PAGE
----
So, back on April 26th, I installed a package of bees at 9400 feet near Hartsel, Colorado in my brand new top bar hive, as well as a package in Aurora, CO. Along came a cold front that lasted for a week, and the Hartsel girls didn't make it. I brought the hive back down the hill to Denver, and bought a swarm from a guy who captured his own early swarm from last year's hive.
From the very beginning, the swarm hive was super strong compared to the package bees, and I will always opt for a swarm in the future if I need more bees. They immediately ran out and gathered pollen and built 8 full bars of comb and began hatching brood last week. The cool part of this story is that now the weather is quite nice up in the hills, so I decided to move this hive back up to it's intended placement. This is the adventurous tale of that move complete with lessons you can learn vicariously through me.
I waited until early morning and placed a scrap piece of wood across the 3 entrance holes. Turns out bees are strong, and they pushed the wood away from the entrance when they woke up! A few foragers got out and went about their business by the time I discovered this, so I sat there for about an hour with smoke and a spray bottle and herded them in as they arrived home with full pollen pouches. A cold adult beverage kept me and the bees company. Eventually, the bees thinned out, or I ran out of beer, I don't recall the exact order, as I had been up all night working. I grew weary of this circus and screwed the wood across the entrance and with the aid of my daughter moved the hive to the garage to keep it out of the sun and cool until the afternoon transport.
After working all night, I decided I should take a nap until my wife's return and our departure. When I awoke, I went to the garage to check on the bees, and boy were they pissed! It turns out they need air to stay cool, and I had no ventilation arranged for them with the bottom cover on and the top closed. Oops! Most of the bees were up against the glass when I looked in, and the glass was probably over 90 degrees to the touch. Now in full on problem-resolution mode, I grabbed the drill and unscrewed the bottom board to reveal the hardware cloth vent. The heat was radiating downward and out, but to speed things up I went and grabbed this:
I laid the fan below the hive blowing directly up into the combs, and it actually cooled and calmed them down within 15 minutes or so. Crisis averted, for now.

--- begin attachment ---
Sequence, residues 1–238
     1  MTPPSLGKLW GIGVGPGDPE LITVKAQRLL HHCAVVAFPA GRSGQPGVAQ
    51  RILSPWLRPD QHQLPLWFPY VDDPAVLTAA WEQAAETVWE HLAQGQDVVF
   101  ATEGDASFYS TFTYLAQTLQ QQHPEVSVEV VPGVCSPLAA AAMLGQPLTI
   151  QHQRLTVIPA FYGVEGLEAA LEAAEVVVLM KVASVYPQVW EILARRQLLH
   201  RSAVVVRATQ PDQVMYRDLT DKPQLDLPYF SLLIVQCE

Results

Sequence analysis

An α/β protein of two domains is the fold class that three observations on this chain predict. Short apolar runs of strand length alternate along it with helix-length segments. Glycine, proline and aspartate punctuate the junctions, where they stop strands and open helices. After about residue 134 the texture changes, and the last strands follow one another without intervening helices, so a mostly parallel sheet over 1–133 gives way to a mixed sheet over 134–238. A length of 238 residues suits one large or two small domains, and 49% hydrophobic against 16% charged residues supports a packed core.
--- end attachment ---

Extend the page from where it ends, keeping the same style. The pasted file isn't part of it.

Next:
Soon, it was time to remove the legs from the hive and load the bees into the suburban for transport. This ought to be fun, right? I left the bottom cover off the hive, and propped the ends up on 2 scrap boards to provide some ventilation from the bottom. I dutifully latched the lid, loaded the grand kids, daughter, and the wifey and off we went with me watching for bumps and driving as smoothly as possible. Of course, I was very worried about the comb detaching and making a complete mess, as well as killing the queen and brood, and on and on. On Youtube I once saw a top bar hive moved by OutOfABlueSky, and what a mess he had to repair!
We made it as far as the other side of Denver when we had to stop for some beer for the weekend. It was raining, so I decided to drive through the covered drop off driveway thingy so the wifey could run in and grab the brew. That went fine, but when she came back out I popped the curb while turning back into the driveway area! With a grimace, I watched the back window and waited for bees to swarm me like in the movies. Nothing happened at first. She jumped in, and off we went to get on the freeway. About this time, my daughter Courtney says "Um dad, there are a lot of bees back here..."
Sure enough, there were a few dozen working their way up the back window of the Suburban. I quickly pulled over on the freeway entrance ramp and ran to the back of the vehicle and opened the hatch to inspect the damage. You should have seen the poor bees flying around the back of the vehicle trying to find their way back home! Opening the lid and expecting the worst, and saw that I had forgotten to shim the extra space closed at the end of the top bars in order to hold them all tight together, and some bees had escaped through the resulting space between the bars as they shifted after the curb incident. I pushed the bars together and promptly found a piece of wood just the right size to hold the bars in place. Oh yeah, this is the wood that I was SUPPOSED to put in at home, but forgot after the overheating fiasco! Above the bars was still quite full of bees, so I closed the lid and hoped they would stay in there trying to get back to their queen. The closest thing to a tarp I had handy was a backpacker's poncho, which I ceremoniously draped over the hive and tucked the edges in.
This worked well, and off we went up the road. We had no further drama, other than the occasional grand kid yelling "HUNNEEBEEE!" and constantly rolling down the windows to "set them free" along the way. Oh, and I think the dog ate a few bees too. :no:
No one got stung but me, which was an excellent outcome considering my comedy of errors. This happened when a bee got caught between my collar and my neck when I was fixing the bars way back on the freeway entrance ramp.
We have 7 miles of dirt roads on the way to our place, and I think I stayed under 10 mph that entire way, with washboard spots at about 2 mph. Once we got there, we bolted on the legs and set the hive in it's approximate location. The entrance block was removed, but it was so late in the day only a few bees came out to look around before dark. I looked in the observation window, and amazingly all of the combs were intact! A full inspection the next day revealed a happy queen, a happy hive, and lots of hatching brood.
Morals of the story: Make sure to secure your top bars, bring a tarp, provide proper ventilation, and buy your beer BEFORE you load the bees! Oh, and watch out for curbs